Calibration Performance Comparisons



I plotted the  results of the U2311H against other competing and popular models in this kind of size range. Out of the box colour accuracy was actually some of the best we have seen with an average dE of 2.4. This was a fair way ahead of some of the wide gamut screens we have tested like the Dell U2410 (6.7) and U2711 (3.7). It was pretty comparable to the HP ZR24W (2.5) and even the colour orientated NEC 2490WUXi (2.3), both of which are standard gamut screens. The NEC EA231WMi uses the same e-IPS panel as the U2311H and with a default average dE of 2.7, it was very comparable.


Once calibrated, the Dell U2311H offered some of the best colour accuracy we have seen. Average dE was 0.2, rivalling the U2410, HP ZR24W, NEC EA231WMIi and even the NEC 2490WUXi and NEC PA241W. Of course the latter two NEC models are professional grade screens which offer further technology to improve performance in colour critical applications, so don't just rely purely on this test. With maximum dE being 0.6, it was ever so slightly behind our joint top performers in this test, those being the NEC 2490WUXi and NEC EA231WMi (both maximum dE of 0.5). This was only a very minor difference of course, and the Dell U2311H offers some excellent performance once calibrated.



The above gives a comparison of black depth and contrast ratio once calibrated. The Dell U2311H offers the joint best calibrated black depth that we have seen, matching the S-PVA based 22" HP LP2275W even, at 0.14 cd/m2. This is an excellent result, and even puts it very slightly ahead of the NEC EA231WMi which had impressed us before (0.15). It's also a fair way ahead of its larger 24" brother, the U2410 which was recorded at 0.22 cd/m2. As a result, the U2311H offers the joint best static contrast ratio we have seen at 857:1, a very good result indeed.


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Contrast Stability

I wanted to see how much variance there was in the screens contrast as we adjusted the monitor setting for brightness. In theory, brightness and contrast are two independent parameters, and good contrast is a requirement regardless of the brightness adjustment. Unfortunately, such is not always the case in practice. We recorded the screens luminance and black depth at various OSD brightness settings, and calculated the contrast ratio from there. All other monitor and graphics card settings were left at default with no ICC profile or calibration active. It should be noted that we used the BasICColor calibration software here to record these, and so luminance at default settings varies a little from the LaCie Blue Eye Pro report.

OSD Brightness


Black Point (cd/m2)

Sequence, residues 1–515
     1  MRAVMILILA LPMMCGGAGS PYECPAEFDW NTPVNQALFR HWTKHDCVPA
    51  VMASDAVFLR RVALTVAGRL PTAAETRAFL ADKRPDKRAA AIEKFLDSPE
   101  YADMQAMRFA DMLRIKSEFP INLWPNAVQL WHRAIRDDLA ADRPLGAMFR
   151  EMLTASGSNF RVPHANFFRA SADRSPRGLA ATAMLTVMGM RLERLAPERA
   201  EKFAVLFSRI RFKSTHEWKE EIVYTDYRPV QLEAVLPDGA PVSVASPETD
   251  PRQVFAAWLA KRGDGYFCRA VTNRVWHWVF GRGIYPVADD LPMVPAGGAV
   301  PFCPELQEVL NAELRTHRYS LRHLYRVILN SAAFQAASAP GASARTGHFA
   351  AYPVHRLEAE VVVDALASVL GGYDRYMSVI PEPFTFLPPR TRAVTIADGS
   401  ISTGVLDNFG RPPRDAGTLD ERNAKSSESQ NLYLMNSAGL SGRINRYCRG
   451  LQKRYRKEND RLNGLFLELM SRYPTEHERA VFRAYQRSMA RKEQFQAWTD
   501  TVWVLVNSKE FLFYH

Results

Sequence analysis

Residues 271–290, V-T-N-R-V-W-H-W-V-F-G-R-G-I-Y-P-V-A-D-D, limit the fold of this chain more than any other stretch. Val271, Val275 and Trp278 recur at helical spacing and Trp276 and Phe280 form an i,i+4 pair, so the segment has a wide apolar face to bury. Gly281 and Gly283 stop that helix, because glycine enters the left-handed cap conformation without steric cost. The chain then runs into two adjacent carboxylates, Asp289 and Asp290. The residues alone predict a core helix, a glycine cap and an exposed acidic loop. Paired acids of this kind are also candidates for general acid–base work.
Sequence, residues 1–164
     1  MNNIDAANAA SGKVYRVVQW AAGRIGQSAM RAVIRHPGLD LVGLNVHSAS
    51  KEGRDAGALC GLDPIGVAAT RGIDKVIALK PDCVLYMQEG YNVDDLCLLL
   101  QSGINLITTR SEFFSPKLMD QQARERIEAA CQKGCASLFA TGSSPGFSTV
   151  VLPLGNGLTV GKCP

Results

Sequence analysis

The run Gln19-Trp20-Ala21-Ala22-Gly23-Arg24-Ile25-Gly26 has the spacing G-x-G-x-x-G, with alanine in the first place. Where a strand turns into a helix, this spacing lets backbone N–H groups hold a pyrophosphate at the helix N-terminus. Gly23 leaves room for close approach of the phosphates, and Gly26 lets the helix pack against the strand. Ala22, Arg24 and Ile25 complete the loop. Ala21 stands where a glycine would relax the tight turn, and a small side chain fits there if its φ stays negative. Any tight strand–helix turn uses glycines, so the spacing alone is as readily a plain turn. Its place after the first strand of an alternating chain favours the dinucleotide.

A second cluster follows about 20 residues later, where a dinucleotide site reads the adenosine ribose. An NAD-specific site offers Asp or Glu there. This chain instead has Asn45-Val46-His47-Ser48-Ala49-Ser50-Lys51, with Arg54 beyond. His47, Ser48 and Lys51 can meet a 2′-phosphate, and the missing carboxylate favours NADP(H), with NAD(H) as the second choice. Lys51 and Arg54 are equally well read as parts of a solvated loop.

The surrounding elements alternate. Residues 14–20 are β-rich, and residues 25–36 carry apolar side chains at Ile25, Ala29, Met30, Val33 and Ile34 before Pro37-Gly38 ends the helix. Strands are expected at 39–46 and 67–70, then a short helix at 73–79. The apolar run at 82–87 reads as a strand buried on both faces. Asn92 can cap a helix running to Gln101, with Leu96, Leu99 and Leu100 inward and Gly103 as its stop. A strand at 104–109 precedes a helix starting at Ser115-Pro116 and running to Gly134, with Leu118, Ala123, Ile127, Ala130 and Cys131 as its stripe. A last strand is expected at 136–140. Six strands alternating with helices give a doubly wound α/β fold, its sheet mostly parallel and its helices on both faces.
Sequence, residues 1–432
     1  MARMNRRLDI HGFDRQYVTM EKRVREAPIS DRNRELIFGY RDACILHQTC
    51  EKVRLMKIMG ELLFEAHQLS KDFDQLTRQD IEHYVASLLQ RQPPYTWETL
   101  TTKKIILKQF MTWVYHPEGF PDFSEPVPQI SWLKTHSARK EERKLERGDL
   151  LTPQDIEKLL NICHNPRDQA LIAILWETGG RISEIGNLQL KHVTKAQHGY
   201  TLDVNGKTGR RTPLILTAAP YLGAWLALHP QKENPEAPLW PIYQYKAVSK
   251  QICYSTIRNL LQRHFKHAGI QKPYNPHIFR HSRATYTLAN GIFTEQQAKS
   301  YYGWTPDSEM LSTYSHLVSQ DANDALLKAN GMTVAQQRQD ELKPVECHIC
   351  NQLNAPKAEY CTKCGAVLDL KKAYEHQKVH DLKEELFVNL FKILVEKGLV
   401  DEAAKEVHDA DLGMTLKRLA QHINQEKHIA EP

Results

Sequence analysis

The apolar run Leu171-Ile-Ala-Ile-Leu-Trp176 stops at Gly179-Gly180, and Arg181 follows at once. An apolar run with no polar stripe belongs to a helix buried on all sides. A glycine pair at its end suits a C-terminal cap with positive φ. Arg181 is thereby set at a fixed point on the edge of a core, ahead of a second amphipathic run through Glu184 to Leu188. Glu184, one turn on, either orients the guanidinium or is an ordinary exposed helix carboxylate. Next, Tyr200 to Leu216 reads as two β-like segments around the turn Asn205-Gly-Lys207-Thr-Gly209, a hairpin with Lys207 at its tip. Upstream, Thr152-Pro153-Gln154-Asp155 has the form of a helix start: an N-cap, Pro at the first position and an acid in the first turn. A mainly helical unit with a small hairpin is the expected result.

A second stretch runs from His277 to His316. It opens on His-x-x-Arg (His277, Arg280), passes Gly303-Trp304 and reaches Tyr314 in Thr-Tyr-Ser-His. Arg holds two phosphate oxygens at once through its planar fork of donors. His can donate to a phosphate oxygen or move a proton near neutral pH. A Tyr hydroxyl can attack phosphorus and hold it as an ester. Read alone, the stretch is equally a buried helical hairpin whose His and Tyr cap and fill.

Contrast Ratio
( x:1)















































The above results confirm that the contrast ratio remains pretty stable across the entire range of brightness adjustments, although does fluctuate a little between 907:1 and 976:1. Some other screens do demonstrate a slightly more stable contrast ratio, but there's no real issues here. The luminance range of the screen is 242 cd/m2 when at maximum brightness setting, down to 82 cd/m2 at the lowest setting. This does afford you a pretty decent range to adjust your luminance, and also allows you to easily reach a comfortable luminance of ~120 cd/m2 through OSD adjustments. The maximum luminance of 242 cd/m2 is a little off the specified maximum value of 300 cd/m2, but whether you ever really need to use the screen this bright is another question. A setting of around 20 - 30% should return you a comfortable luminance as a starting point should you want to aim for ~120 cd/m2.


Black point reduces as you would hope with adjustments in the brightness, since this is a direct control of the intensity of the backlight unit. Black point ranges from 0.25 cd/m2 at 100%, down to 0.09 cd/m2 at 0%. This is a very good performance and one of the best we have seen in this kind of size range! Contrast ratio is therefore around 900 - 970:1 across the range.




Dynamic Contrast


The Dell U2311H features a dynamic contrast ratio (DCR) control, which boasts a spec of 10,000:1. This is obviously a fairly big number even  when you consider the great static contrast ratio we have observed.  DCR requires the screen to be able to produce a very bright white, and a very dark black at the two ends of the control. Dynamic contrast ratio involves controlling the backlight automatically, depending on the content shown on the screen. In bright images, the backlight is increased, and in darker images, it is decreased. For this test I would use the colorimeter to record the luminance and black depths at the two extremes. Max brightness would be recorded on an all white screen once the DCR has caught up. Black depth would be recorded on an all black screen.



Calibrated Settings, Game Preset Mode

Max luminance (cd/m2)


Min Black Point (cd/m2)


Max Dynamic Contrast Ratio



As you can see, the DCR didn't seem to do a lot! This is not uncommon sadly, and we saw the same thing from the U2711 and U2410 to a degree. The DCR mode is available when you enter the game preset, although not in the movie mode oddly. When using the screen, you couldn't really spot any changes in the backlight intensity as content on the screen changed. In our test we noticed a slight improvement in contrast ratio from a static figure of 857:1 to a dynamic figure of 990:1 so it does seem to work a little. Certainly nowhere near the advertised 10,000:1!


To achieve that, and if you assumed the screen could reach its maximum specified brightness of 300 cd/m2 (which it cannot), you'd need to be able to get to a black point of  0.03 cd/m2 which we've already observed is not possible, even with brightness set at 0%. If this control did work properly on the screen and could accurately control the full range of adjustments, the theoretical maximum DCR would have been: 242 cd/m2 max luminance / 0.09 cd/m2 min black point =  2689:1....which is still a long way off. Don't be tricked by over the top claims of dynamic contrast ratios!


Viewing Angles

Above: Viewing angles shown from front and side, and  from above and below. Click for larger images